Eating patterns and comfort eating

Have you ever considered the reasons why you eat?

You may say that, “We all need to eat in order to live”, and while that is true to a certain extent, there is more to eating than meets the eye. How we eat and our drive to eat affects our lives and our well-being. We know that:

  • Comfort eating
  • Binge eating
  • Needing to stop eating
  • Emotional eating
  • Over-eating
  • Destructive eating patterns such as anorexia and bulimia ...

... all indicate that our relationship with food is not going well.

Perhaps the problem is that we do not consider that we have a relationship with food ... we just eat it and use it for our purpose and needs, such as for distraction from our life and or looking for a stimulation in life.

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Choices about food

What is really going on in our body when we eat chocolate?

The things we use food for are not always to our benefit. Would you consider it far from the mark to say that we use food against ourselves – that is, to actually hurt ourselves? Certainly this can be said with confidence if our eating patterns harm us or cause us to put on weight or even cause us to lose too much weight.

We are all taught from a young age that we should eat ‘healthy foods’, eat ‘a balanced diet’ and so on. But is the reason we eat, to ‘be healthy’? Or is the reason we eat all about comfort, or, emotional eating?

Is it possible we do not eat because we are hungry?

Could the reality be that we eat way too much food to actually experience true hunger?

This then begs the question:

Why do we eat so much?

One source suggests that:

“Powerful forces you don't recognise may be driving you to overeat.”

... according to a recent book, The End of Overeating, by former United States Food and Drug Administration Commissioner, Dr David Kessler, MD[i].

  • The culprits: Fat, salt, sugar and brain chemistry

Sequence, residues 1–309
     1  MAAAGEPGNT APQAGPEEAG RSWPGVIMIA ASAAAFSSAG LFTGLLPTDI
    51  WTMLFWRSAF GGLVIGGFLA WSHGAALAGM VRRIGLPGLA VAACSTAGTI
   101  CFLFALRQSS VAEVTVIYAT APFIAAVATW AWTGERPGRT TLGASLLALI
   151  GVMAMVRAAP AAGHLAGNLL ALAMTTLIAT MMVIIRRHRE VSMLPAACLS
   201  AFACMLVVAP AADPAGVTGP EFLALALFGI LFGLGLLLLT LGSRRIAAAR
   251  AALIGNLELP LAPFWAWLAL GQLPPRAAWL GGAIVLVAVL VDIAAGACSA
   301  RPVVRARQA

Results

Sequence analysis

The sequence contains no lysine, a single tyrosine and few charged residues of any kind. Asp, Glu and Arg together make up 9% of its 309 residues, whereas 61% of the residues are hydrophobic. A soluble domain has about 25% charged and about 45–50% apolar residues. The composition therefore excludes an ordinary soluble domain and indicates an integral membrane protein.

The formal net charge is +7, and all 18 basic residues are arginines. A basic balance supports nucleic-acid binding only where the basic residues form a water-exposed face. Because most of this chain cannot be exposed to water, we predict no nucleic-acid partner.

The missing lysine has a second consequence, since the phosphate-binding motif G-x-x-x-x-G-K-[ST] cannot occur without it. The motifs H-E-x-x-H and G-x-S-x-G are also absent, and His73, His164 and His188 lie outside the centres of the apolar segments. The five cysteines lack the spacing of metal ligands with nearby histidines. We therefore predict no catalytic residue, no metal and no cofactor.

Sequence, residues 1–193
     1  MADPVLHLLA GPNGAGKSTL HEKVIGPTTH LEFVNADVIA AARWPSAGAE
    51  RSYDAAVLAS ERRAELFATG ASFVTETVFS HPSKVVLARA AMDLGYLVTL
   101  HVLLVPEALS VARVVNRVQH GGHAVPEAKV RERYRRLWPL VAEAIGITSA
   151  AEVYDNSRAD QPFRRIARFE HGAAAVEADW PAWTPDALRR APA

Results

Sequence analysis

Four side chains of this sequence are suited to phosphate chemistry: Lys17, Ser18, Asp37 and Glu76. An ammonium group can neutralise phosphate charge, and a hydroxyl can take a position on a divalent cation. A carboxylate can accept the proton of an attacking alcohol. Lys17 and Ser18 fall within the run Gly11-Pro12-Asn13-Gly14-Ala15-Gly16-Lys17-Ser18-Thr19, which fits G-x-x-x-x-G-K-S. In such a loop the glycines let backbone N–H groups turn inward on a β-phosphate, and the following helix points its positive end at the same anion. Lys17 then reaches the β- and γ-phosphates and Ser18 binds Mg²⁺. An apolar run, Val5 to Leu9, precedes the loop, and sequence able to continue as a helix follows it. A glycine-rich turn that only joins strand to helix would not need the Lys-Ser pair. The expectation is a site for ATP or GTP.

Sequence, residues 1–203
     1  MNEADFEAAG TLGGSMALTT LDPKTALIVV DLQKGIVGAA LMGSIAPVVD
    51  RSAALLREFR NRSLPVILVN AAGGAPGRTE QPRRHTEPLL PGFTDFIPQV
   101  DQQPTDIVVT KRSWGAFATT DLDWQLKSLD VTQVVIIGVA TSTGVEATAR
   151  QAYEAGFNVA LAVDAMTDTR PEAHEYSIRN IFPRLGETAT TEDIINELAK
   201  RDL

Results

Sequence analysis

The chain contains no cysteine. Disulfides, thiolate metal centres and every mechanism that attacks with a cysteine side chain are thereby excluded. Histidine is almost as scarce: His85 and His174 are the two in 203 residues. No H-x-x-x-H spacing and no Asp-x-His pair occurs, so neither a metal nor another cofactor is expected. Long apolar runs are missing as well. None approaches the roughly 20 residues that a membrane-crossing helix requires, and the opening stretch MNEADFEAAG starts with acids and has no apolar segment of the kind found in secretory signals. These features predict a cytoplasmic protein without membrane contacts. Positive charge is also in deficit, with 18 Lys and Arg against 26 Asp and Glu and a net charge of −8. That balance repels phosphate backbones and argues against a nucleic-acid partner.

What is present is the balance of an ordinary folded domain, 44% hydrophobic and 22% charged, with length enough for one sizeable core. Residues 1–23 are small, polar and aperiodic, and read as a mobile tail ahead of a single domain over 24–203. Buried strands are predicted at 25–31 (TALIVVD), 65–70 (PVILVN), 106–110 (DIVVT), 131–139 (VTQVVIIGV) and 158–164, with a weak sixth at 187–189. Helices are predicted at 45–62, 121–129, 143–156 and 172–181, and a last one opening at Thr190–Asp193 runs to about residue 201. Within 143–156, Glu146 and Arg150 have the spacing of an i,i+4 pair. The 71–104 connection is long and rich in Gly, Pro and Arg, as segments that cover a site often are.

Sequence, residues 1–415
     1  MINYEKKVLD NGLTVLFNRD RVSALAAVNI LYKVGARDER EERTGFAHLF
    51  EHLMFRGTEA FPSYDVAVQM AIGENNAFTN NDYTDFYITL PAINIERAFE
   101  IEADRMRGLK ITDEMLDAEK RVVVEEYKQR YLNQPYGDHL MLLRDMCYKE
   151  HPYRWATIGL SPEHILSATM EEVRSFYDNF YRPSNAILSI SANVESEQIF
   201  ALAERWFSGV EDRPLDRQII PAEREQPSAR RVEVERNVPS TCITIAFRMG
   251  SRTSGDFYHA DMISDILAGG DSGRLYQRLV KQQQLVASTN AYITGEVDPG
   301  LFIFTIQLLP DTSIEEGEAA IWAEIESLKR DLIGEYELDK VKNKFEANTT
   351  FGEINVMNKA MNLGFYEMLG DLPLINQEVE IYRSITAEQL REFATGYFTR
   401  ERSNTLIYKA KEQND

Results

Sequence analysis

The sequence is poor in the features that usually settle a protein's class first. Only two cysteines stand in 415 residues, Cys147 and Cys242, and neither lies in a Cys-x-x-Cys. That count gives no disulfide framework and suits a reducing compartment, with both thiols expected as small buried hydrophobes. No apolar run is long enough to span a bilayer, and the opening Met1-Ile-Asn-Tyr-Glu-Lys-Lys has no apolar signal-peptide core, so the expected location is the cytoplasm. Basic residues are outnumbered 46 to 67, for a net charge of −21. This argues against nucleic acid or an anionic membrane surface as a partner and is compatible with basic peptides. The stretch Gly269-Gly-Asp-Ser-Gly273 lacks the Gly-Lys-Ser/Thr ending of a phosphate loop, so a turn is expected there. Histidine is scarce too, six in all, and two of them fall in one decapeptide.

• His theory: ‘Hyperpalatable’ foods calm us down and make us feel good

Kessler explains that we eat because we ‘get a hit’ from the food the same as a drug addict does, and we keep going back for more.

But what’s underneath this needing, ‘a hit’?

Anne Dranitsaris and Heather Dranitsaris-Hilliard[ii] state:

“We eat when we're hungry, we eat to celebrate and when we indulge, food is our best friend.”

So the question we need to ask is:

Why is food, "our best friend"?

  • Does food comfort us and give us a warm feeling?
  • Does it give us a brief ‘high’ that lasts in the mouth for a few seconds?

  • What are we doing with food?

  • Could it be that we all fool ourselves as to why we eat what we eat?

Could the truth be:

We use food to make ourselves comfortable.

Why would we do that?

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Why do we use food as a reward?

What is going on when we eat for reasons other than what our body truly needs?

There is a whole health, nutrition and diet industry, a multi-billion dollar industry out there to support us to fool ourselves. They all tell us what and when to eat, but none of them tell us that:

We eat to not feel our disconnection

from the love we truly are.

Is this too much for us to hear? Consider the possibility that we are actually a whole lot more than we appear – that there is so much more to us than what we see and what we live every day.